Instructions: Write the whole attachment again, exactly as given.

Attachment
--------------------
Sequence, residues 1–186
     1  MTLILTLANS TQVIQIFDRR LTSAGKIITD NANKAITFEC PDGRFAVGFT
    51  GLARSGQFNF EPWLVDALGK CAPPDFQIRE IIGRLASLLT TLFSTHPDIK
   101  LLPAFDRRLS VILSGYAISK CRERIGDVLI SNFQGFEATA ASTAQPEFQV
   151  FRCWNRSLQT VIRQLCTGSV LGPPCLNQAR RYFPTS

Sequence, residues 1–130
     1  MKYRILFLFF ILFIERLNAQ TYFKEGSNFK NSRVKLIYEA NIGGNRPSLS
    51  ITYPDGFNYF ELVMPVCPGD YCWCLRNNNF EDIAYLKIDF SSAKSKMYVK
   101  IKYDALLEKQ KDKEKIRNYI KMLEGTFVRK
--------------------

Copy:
Sequence, residues 1–186
     1  MTLILTLANS TQVIQIFDRR LTSAGKIITD NANKAITFEC PDGRFAVGFT
    51  GLARSGQFNF EPWLVDALGK CAPPDFQIRE IIGRLASLLT TLFSTHPDIK
   101  LLPAFDRRLS VILSGYAISK CRERIGDVLI SNFQGFEATA ASTAQPEFQV
   151  FRCWNRSLQT VIRQLCTGSV LGPPCLNQAR RYFPTS

Sequence, residues 1–130
     1  MKYRILFLFF ILFIERLNAQ TYFKEGSNFK NSRVKLIYEA NIGGNRPSLS
    51  ITYPDGFNYF ELVMPVCPGD YCWCLRNNNF EDIAYLKIDF SSAKSKMYVK
   101  IKYDALLEKQ KDKEKIRNYI KMLEGTFVRK